• Registered Investment Adviser (RIA) by passing a two-level exam covering a broader range of investment topics. CFA charterholders get exemptions. Financial planners have to get this license even if they don’t get too deep into investment topics. RIAs get paid fee-for-service by investors directly. Curiously, the regulator mandates that a RIA can only advise 150 investors before setting up a corporate entity with a higher net worth. This requirement seems to push RIAs towards serving higher net worth clients if they are ambitious enough to want to make a decent living.
  • Portfolio Management Services (PMS) by setting up a corporate entity with a reasonably high net worth, lots of systems and a qualified responsible officer. The PMS is basically a managed account that sits somewhere in between manufacturing and advice; it offers model portfolios but the securities are held in investors’ names. PMS providers get paid  investment management fees, similar to what AMCs embed into their funds.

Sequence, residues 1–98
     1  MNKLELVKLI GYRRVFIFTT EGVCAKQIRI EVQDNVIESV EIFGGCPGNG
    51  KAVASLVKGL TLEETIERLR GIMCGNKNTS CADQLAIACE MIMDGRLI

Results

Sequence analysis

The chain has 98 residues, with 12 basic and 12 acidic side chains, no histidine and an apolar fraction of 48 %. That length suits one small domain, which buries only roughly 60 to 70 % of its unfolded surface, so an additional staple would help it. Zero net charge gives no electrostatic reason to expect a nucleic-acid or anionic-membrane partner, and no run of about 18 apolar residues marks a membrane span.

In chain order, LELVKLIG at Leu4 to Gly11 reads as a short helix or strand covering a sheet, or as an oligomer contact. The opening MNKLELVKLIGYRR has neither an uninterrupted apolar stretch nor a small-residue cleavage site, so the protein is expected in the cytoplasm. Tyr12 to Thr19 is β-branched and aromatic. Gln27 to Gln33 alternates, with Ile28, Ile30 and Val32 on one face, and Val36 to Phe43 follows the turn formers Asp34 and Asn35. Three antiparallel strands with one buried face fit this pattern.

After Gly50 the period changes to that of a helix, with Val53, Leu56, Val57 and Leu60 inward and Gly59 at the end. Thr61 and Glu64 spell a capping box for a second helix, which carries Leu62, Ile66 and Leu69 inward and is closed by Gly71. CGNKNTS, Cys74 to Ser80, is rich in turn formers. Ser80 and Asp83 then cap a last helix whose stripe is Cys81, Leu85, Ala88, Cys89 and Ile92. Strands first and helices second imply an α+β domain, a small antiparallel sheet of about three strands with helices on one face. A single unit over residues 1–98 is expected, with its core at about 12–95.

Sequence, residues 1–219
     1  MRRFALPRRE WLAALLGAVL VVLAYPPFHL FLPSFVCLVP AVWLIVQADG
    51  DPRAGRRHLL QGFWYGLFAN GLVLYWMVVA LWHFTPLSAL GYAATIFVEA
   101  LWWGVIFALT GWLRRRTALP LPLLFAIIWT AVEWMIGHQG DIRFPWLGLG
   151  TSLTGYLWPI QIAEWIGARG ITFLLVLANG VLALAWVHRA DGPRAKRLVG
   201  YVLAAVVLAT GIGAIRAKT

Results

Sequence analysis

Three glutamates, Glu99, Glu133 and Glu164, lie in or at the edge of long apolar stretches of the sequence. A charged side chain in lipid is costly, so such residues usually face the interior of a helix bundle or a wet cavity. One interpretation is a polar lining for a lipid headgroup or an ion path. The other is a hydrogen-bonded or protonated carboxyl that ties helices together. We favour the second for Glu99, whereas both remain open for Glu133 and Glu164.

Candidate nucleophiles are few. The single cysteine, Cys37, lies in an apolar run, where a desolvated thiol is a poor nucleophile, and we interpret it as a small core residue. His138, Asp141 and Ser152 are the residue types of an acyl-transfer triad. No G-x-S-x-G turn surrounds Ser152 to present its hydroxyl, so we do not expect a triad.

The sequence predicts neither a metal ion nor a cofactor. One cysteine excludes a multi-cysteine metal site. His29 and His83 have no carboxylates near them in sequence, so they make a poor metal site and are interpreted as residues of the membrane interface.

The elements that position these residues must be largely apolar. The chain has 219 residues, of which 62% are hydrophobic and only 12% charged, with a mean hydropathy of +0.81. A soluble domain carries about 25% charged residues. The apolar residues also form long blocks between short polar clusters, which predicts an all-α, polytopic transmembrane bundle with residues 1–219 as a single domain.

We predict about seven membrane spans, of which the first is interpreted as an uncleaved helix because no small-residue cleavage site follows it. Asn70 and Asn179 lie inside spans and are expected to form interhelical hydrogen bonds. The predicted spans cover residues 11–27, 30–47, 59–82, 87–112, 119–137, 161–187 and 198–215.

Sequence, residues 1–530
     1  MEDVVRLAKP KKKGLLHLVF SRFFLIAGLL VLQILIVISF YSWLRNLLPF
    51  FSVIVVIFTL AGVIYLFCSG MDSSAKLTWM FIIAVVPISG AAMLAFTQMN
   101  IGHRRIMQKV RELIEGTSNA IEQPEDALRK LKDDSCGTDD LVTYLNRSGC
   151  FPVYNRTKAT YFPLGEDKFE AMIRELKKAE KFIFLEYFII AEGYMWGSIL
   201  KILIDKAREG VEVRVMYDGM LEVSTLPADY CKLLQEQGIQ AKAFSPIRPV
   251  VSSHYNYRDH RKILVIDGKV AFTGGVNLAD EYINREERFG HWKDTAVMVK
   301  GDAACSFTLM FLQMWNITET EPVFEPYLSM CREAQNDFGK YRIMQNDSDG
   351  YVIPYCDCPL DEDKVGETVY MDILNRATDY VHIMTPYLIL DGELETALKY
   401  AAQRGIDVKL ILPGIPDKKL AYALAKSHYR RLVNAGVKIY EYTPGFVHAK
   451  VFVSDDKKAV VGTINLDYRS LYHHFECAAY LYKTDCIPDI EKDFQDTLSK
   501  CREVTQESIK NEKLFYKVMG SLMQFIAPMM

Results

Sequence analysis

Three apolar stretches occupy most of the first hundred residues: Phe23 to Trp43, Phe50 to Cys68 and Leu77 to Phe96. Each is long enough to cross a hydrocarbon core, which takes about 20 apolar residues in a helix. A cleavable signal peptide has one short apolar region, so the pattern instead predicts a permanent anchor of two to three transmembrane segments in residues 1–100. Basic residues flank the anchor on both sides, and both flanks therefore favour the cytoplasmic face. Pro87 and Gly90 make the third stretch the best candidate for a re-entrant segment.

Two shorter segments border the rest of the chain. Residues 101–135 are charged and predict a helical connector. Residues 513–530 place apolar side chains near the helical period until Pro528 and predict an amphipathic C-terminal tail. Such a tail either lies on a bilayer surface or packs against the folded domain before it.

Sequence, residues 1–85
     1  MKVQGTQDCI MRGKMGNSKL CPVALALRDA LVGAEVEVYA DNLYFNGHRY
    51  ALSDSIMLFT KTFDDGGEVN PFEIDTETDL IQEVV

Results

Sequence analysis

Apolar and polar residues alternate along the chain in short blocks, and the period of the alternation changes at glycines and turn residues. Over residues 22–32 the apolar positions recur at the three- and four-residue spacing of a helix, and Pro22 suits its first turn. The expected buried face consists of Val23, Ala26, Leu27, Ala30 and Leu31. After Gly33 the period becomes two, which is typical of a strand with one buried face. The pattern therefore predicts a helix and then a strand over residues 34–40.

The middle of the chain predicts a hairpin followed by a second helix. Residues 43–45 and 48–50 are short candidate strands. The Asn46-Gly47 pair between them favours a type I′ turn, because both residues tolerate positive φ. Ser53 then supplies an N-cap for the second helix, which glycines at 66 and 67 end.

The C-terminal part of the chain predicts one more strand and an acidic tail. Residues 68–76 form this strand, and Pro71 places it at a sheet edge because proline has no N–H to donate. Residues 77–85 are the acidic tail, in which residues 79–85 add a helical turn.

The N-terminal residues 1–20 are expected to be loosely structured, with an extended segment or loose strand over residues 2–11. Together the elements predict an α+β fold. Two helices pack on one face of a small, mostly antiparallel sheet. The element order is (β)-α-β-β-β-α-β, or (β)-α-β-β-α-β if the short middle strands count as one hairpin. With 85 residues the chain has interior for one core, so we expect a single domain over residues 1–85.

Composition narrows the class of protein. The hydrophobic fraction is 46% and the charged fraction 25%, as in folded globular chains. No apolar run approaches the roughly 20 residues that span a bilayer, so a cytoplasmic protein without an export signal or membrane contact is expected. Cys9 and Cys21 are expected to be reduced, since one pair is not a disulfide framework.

As of 1 October, the regulator has made it so onerous for wealth managers to offer advice under the RIA license that some large wealth management firms are opting out, asking their clients to migrate to distribution or managed services.

Why does the license get called ‘Registered Investment Adviser’ and the exam curriculum cover mostly investment topics? Which license should a financial planner get if she wants to advise on non-investment specific topics? Why are there insurance and retirement advisers regulated separately by other regulators with completely different standards? Do real estate and gold even have advisers or is it understood that all players in these markets are self-interested brokers? While one doesn’t expect one adviser to be across all these areas – insurance, tax, financial investments, real estate, gold – the fact is that the investor does have to make real choices amongst these.

I am slowly building up a library of content on these topics…I hope people see it as a useful resource. If someone has a suggestion for how to introduce myself, I am all ears.

Image credit – theyellowspot